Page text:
I started a new job in January 2017, moving from a research-focused postdoc to a role with a mix of research and project management, coordinating the Oz Mammals Genomics Initiative. Getting stuck into this has given me less time to spend writing papers (and blogs…) than in previous years, so I’m pretty happy to have three papers with 2017 publication dates.
I was very excited to see my PhD student Elodie Modave’s first paper: “A single mini-barcode test to screen for Australian mammalian predators from environmental samples”, published in GigaScience. Elodie developed a DNA test that can be used in barcoding / metabarcoding studies to distinguish all of the larger Australian mammal predators. In previous work, we’ve screened scat DNA to detect introduced (fox, cat, dog) and native (devil, quoll) predators, but we have found it difficult to discriminate among quoll species. There are four species of quoll in Australia, all in the genus Dasyurus, but there is not much genetic variation within this genus at the genetic markers we’ve used before, so we couldn’t assign sequences from unknown samples to the species level. We could tell that a scat came from a quoll, but not which quoll… but now we can!
My second paper for 2017 was led by colleagues Dave Ramsey and Candida Barclay: “Detecting rare carnivores using scats: Implications for monitoring a fox incursion into Tasmania”, published in Ecology and Evolution. Some animals can be difficult to detect in the wild, and non-invasive sampling of scats can provide more information than relying upon captures and sightings alone. We evaluated how effective human and dog survey teams were at detecting known scats, using standardised field survey methods. The answer… not as effective as we might have hoped. But this is an important thing to understand: these results can be used to estimate how many animals could be present without being detected.
Finally -and this feels like cheating(!) – I’m going to remind you of a paper I mentioned in 2016’s “What We Wrote“. It was accepted in late 2016, but has a 2017 publication date, so why not… Also, I just really like this paper: “A framework for developing and validating taxon-specific primers for specimen identification from environmental DNA”, in Molecular Ecology Resources.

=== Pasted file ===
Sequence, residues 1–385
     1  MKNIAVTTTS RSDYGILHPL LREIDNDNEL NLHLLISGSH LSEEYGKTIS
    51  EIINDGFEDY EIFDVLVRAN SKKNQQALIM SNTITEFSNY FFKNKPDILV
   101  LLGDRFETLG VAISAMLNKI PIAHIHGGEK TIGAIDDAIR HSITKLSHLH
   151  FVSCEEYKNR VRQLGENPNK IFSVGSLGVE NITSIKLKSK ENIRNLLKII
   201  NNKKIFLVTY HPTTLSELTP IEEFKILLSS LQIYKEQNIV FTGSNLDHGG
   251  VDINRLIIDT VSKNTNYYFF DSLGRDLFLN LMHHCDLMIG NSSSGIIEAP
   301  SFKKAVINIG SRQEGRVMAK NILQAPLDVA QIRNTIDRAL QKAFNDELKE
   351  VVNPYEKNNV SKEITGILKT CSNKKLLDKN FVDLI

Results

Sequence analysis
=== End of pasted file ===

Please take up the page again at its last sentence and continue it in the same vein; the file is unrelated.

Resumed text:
What I wrote and what I published this year are vastly different things. *criesintohands* This year I published a fun side project on the geographic origins of lab rats, “Genomic analyses identify multiple Asian origins and deeply diverged mitochondrial clades in inbred brown rats (Rattus norvegicus).” There are over 500 strains of lab rats that have been inbred, many for specific disease models. One of the most storied strains is the Wistar rat which gave rise to many other lines. The Wistar Institute in Philadelphia, USA produced and maintained the original colony. Thus it has long been hypothesized that lab rats were from North America. My previous work on rat phylogeography identified global population structure, so my colleagues and I decided to test where lab rats came from geographically. We used the genomes of 25 strains and saw that the nuclear genome had a distinct western North America and eastern Asia signal. Our results show that much of the global diversity of rats is missing from contemporary medical models.